jump to navigation

I Met Someone This Morning October 31, 2013

Posted by J. in FYI, Genius.
Tags: , , , , , , , , , , , ,
1 comment so far

Last night was not a great night.

Well, it was a good night. The Red Sox won the World Series, and while I’m not a baseball fan at all, I do have a soft spot for the Sox. And it was way cool to see them win a pennant at home.

No, last night, I had started to unravel the problem with the SEO in my shop.

For the uninitiated, SEO is what makes your web page show up in searches. So if you type in something like “Snow White Baby Booties”, if my SEO is done right and well, this should come up:

Don't bother trying it...you won't find it. Just click this pic to find the listing, if you're interested.

Don’t bother trying it…you won’t find it. Just click this pic to find the listing, if you’re interested.

Anyway, mine hasn’t been touched because I really don’t know quite how it works, exactly. I’ve read up on it, but it’s kind of like taking a course that you missed the intro class too. You know you don’t know enough to take the class, but you’re not sure what information you’re missing, just that you’re missing…something.

Dealing with some computer stuff reminds me of being back in math class. I loathe math, and it’s because I’ve never really understood how that works, either. I remember doing my homework, reading the book and working out the problems, but not getting what the book was saying. So I struggled. And then I’d get to class and show the teacher and be told it’s wrong. Okay, why is it wrong? And he’d repeat what the book said. And that didn’t help, really, so I’d get frustrated and ask for a different explanation. And I’d try to work out the problem the way the teacher said, only at some point, it just clicked and I knew that there was some important part, some crucial bit of math I must have missed, only I have no idea what so I can’t even ask to have it explained.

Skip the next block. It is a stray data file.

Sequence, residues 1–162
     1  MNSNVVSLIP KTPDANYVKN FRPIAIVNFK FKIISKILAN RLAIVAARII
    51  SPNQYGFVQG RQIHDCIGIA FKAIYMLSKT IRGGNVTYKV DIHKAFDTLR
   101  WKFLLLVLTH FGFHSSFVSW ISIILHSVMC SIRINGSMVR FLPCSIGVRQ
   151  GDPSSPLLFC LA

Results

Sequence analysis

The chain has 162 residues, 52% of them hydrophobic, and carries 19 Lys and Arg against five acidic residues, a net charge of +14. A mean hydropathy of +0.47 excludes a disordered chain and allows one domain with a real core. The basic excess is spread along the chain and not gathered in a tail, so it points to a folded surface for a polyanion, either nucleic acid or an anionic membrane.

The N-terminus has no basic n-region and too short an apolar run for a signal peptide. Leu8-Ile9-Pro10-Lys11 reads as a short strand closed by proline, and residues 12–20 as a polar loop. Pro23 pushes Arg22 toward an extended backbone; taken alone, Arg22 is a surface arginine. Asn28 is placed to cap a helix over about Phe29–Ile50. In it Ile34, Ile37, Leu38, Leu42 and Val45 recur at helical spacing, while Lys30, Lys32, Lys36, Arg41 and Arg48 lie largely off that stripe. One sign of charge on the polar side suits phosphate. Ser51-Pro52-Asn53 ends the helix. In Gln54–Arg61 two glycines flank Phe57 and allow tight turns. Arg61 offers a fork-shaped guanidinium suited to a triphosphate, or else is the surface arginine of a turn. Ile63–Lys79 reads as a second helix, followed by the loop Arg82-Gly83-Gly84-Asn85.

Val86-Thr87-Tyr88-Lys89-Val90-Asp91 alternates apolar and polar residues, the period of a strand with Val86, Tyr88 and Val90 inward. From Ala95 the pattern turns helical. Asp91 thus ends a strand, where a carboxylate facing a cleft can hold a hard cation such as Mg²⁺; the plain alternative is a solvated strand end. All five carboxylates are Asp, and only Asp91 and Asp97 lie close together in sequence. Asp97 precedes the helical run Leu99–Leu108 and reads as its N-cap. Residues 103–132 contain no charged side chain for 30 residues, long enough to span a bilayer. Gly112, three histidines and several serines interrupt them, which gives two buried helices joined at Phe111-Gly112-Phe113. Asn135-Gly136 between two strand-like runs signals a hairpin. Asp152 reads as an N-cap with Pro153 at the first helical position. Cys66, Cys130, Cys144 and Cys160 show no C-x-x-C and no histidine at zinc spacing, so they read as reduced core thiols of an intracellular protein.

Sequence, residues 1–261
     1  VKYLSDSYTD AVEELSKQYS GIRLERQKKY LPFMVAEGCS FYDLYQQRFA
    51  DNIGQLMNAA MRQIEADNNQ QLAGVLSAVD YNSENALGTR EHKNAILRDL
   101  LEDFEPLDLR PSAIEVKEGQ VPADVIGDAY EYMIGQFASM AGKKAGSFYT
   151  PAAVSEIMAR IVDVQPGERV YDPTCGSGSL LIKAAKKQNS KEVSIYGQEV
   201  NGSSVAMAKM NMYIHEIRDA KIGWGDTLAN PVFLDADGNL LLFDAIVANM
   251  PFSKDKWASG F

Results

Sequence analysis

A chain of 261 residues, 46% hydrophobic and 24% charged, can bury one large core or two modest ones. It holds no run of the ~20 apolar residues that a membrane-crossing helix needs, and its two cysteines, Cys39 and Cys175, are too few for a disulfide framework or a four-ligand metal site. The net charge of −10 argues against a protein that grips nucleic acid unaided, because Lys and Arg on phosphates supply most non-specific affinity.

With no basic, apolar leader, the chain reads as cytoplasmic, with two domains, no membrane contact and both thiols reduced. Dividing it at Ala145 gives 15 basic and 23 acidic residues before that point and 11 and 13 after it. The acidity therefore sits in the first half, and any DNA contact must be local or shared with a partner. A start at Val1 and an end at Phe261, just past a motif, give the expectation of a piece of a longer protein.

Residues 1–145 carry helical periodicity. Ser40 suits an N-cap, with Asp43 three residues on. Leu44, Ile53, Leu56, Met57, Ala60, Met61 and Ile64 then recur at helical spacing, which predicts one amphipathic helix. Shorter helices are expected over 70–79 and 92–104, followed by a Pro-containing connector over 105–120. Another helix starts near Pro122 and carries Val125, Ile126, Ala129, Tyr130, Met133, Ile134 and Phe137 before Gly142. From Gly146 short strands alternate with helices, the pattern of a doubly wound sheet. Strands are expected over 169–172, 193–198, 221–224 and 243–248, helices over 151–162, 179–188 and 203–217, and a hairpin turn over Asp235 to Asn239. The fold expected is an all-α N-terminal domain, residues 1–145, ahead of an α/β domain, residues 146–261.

That’s how I felt last night. I was overwhelmed and upset by something that should be really easy, but for me is dreadfully hard. Like math.

I went to bed, upset, and knew that I was going for a run this morning.

I started running again. I tried Couch to 5K some months ago, but realized after the first week that I was carrying too much weight still for my knees to handle. I really don’t want to blow out a joint and have to sit it out for weeks while I heal from surgery and get fatter, so I’ve been very careful with not pushing too hard, just hard enough.

But I really want to run. I don’t know why. I never have before. Hell, I’ve faked asthma to get out of running in gym class. (Sorry, Mrs. Nims.) I think it’s because it’s something I’ve never been able to do, and I feel the need to conquer it.

I don’t really like running, to be honest. Not really. It kind of hurts. I don’t really like exercise. If they create a pill that gives the same effect as working out without the sweat and breathing hard, I’m all over that shit like white on rice. In the meantime, I look at it as a challenge of sorts. I’m in a race with myself every day.

A day or two ago, it occurred to me that I look forward to doing my C25K routine. I’m kind of excited to lace on my running shoes and actually, you know, run. Then I get there and wonder for the whole 35 minutes if I’ve lost my fucking mind. It hurts. Hip is pinchy. I’m sweaty and red and trying to focus on keeping a good gait and relaxed shoulders, and pay attention to my breathing… it’s a lot to think about, really. Plus I’m trying to Keep Up With the Kardashians on E! while I’m running, and that’s distracting as hell.

But when I get done, I don’t know if I get that endorphin rush or runner’s high or what the fuck it is, but man, I feel like I can do any damn thing in the world. I might not be fast. I might be unbelievable to look at plodding along in my running tights. But I run.

1392615_603980829664354_1867805992_nSo, I went to bed last night knowing that this morning is my C25K day and while the run might not be fun, the post-run high will make it so much easier for me to tackle the SEO bullshit. Because I feel strong and powerful and hell, if I can run, I can do any damn thing.

And then it happened. I met someone in the gym today. And she’s TERRIFYING.

Usually when I run, I’m pleased that I can outrun Mean Jen. She just can’t keep up with my awesome and she knows it. So with this C25K program, you run for a bit, then walk for a bit, and eventually in stages, you work up to where the running bits are longer than the walking bits and at the end you’re running with no walking at all. I’m on week 2. I repeated week 1 figuring I’m not in a hurry and didn’t want to push it too hard, but felt after the repeat that I was ready to move on. And I’m doing very well. But I don’t like that it’s a 30 minute workout with only 20 minutes of actual interval training. I want to do more, so when I’m supposed to be cooling down, I keep running for that last bit, usually getting in a couple of extra bits of running.